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but quite the contrary ; still, however, I have not the experience in that sort of work, nor the perfect familiarity with my grammar requisite to make a good master, and I cannot teach Homer as well as my friends Herodotus and Livy, whom I am now reading, I suppose, for about the fiftieth time.

Nov. 30th.--I was interrupted last night in the middle of my letter, and as the evening is my only time for such occupations, it cannot now go till to-morrow. You shall derive this benefit, however, from the interruption, that I will trouble you with no more details aboui the trade ; a subject which I find growing upon me daily, from the retired life we are leading, and from my being so much engrossed by it. There are some very pleasant families settled in this place besides ourselves ; they have been very civil to us, and in the holidays I dare say we shall see much of them, but at present I do not feel I have sufficient time to make an acquaintance, and cannot readily submit to the needful sacrifice of formal visits, &c., which must be the prelude to a more familiar knowledge of any one. As it is, my garden claims a good portion of my spare time in the middle of the day, when I am not engaged at home or taking a walk ; there is always something to interest me in the very sight of the weed and litter, for then I think how much improved the place will be when they are removed; and it is very delightful to watch the progress of any work of this sort, and observe the gradual change from disorder and neglect to neatness and finish. In the course of the autumn I have done much in planting and altering, but these labours are now over, and I have now only to hope for a mild winter as far as the shrubs are concerned, that they may not all be dead when the spring comes. Of the country about us, especially on the Surrey side, I have explored much ; but not nearly so much as I could wish. It is very beautiful, and some of the scenes at the junction of the heath country with the rich valley of the Thames are very striking. Or if I do not venture so far from home, I have always a resource at hand in the bank of the river up to Staines; which, though it be perfectly flat, has yet a great charm from its entire loneliness, there being not a house any where near it; and the river here has none of that stir of boats and barges upon it, which makes it in many places as public as the high road.. Of what is going on in the world, or any where indeed out of Laleham, I know little or nothing. I can get no letters from Oxford, the common complaint I think of all who leave it; and if Penrose did not bring us sometimes a little news from Eton, and Hull from London, I should really, when the holidays begin, find myself six months behind the rest of the world.

Don Juan has been with me some weeks, but I am determined not to read it, for I was so annoyed by some specimens that I saw in glancing over the leaves, that I will not worry myself with any more of it. I have read enough of the debates since parliament met to make me marvel at the nonsense talked on both sides, though I am afraid the opposition have the palm out and out. The folly or the mischievous obstinacy with which they persist in palliating the excesses of the Jacobins is really scandalous, though I own I do not wish to see Carlton House trimming up the constitution as if it were an huzzar's uniform. ... I feel, however, growing less and less political.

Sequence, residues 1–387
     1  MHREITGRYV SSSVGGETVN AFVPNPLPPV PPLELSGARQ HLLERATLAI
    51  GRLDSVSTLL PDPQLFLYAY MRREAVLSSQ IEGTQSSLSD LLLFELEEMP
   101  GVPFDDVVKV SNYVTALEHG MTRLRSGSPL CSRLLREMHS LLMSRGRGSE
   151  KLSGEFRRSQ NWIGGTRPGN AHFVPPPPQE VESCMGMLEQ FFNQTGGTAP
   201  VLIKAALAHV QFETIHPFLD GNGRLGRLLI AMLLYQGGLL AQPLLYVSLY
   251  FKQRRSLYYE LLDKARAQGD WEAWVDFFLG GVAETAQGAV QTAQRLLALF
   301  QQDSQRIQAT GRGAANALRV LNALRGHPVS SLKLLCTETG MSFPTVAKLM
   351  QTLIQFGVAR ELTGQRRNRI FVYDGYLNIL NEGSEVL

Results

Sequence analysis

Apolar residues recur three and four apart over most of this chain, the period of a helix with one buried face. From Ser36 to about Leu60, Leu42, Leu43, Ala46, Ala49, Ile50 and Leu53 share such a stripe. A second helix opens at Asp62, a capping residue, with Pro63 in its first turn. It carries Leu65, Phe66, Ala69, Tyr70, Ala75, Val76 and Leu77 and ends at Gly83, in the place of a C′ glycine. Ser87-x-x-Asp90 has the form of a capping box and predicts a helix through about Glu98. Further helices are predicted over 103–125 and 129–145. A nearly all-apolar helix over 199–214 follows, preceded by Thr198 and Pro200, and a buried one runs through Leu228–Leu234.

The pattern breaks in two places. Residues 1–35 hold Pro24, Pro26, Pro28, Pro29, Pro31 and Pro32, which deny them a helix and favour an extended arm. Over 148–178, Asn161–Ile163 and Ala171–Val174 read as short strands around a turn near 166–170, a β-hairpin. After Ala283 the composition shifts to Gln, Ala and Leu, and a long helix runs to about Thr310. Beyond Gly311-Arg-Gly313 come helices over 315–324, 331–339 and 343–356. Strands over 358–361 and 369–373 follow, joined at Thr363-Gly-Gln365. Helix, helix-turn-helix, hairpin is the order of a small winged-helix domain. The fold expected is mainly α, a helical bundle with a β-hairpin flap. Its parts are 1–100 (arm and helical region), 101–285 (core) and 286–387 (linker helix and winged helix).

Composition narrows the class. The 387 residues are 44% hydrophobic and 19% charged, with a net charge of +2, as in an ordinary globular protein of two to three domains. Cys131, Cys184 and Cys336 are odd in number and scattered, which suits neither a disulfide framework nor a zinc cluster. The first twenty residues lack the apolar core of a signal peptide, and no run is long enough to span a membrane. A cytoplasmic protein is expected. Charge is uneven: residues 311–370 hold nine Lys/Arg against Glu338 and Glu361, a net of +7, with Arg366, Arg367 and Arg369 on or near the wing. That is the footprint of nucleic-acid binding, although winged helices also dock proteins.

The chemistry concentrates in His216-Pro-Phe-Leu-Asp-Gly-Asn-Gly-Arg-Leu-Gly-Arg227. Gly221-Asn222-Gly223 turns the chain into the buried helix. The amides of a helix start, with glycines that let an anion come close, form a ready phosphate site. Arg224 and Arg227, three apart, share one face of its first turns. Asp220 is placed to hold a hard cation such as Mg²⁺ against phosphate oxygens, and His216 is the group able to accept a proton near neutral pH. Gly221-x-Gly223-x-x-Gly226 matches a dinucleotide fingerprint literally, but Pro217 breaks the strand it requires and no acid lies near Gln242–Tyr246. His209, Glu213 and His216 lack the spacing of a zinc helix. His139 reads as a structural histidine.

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Laleham, February 23, 1820. You must know that you are one of three persons in the world to whom I hold it wrong to write short letters; that is to say, you are one of three on whom I can find it in my heart to bestow all my tediousness; and therefore though February 23rd stands at the top of the page, I do not expect that this sheet will be finished for some time to come. The first thing I must say is to congratulate you on Charles's appointment. If this letter reaches you amid the pain of parting, congratulation will indeed seem a strange word ; yet it is, I think, a matter of real joy after all ; it is just what Charles seems best fitted for; his principles and character you may fully depend on, and India is of all fields of honourable ambition that this world offers, to my mind the sairest. You know I always had a sort of hankering after it myself, and but that I prefer teaching Greek to learning Hindoostanee, and fear there is no immediate hope of the conquest of China, I should have liked to have seen the Ganges well. To your family India must seem natural ground; and for the separation, painful as it must be, yet do we not all in reality part almost as decisively with our friends when we once settle in life, even though the ocean should not divide us ? How little intercourse may I dare to anticipate in after days with those who for so many years have been almost my constant companions; and how little have I seen for several years past of my own brother! But this is prosing. If Charles be still with you, give him my kindest remembrances, with every wish for his future happiness; it already seems a dream to look back on the time when he used to come to my rooms to read Herodotus. Tell him I retain some of his scribbling on the pages of my Hederic's Lexicon, which may many a time remind me of him, when he is skirmishing perhaps with Mahrattas or Chinese, and I am still going over the old ground of loropins drooctis ndé. You talk to me of “cutting blocks with a razor ;" indeed it does me no good to lead my mind to such notions ; for to tell you a secret, I am quite enough inclined of myself to feel above my work, which is very wrong and very foolish. I believe I am usefully employed, and I am sure I am employed more safely for myself than if I had more time for higher studies ; it does my mind a marvellous deal of good, or ought to do, to be kept upon bread and water. But be this as it may, and be the price I am paying much or little, I cannot forget for what I am paying it. (After speaking of his future prospects.) Here, indeed, I sympathize with you in the fear that this earthly happiness may interest me too deeply. The hold which a man's affections have on him is the more dangerous because the less suspected ; and one may become an idolater almost before one feels the least sense of danger. Then comes the fear of losing the treasure, which one may love too fondly ; and that fear is indeed terrible. The thought of the instability of one's happiness comes in well to interrupt its full indulgence ; and if often entertained must make a man either an Epicurean or a Christian in good earnest. Thank eleven o'clock for stopping my prosing! Good night, and God bless you !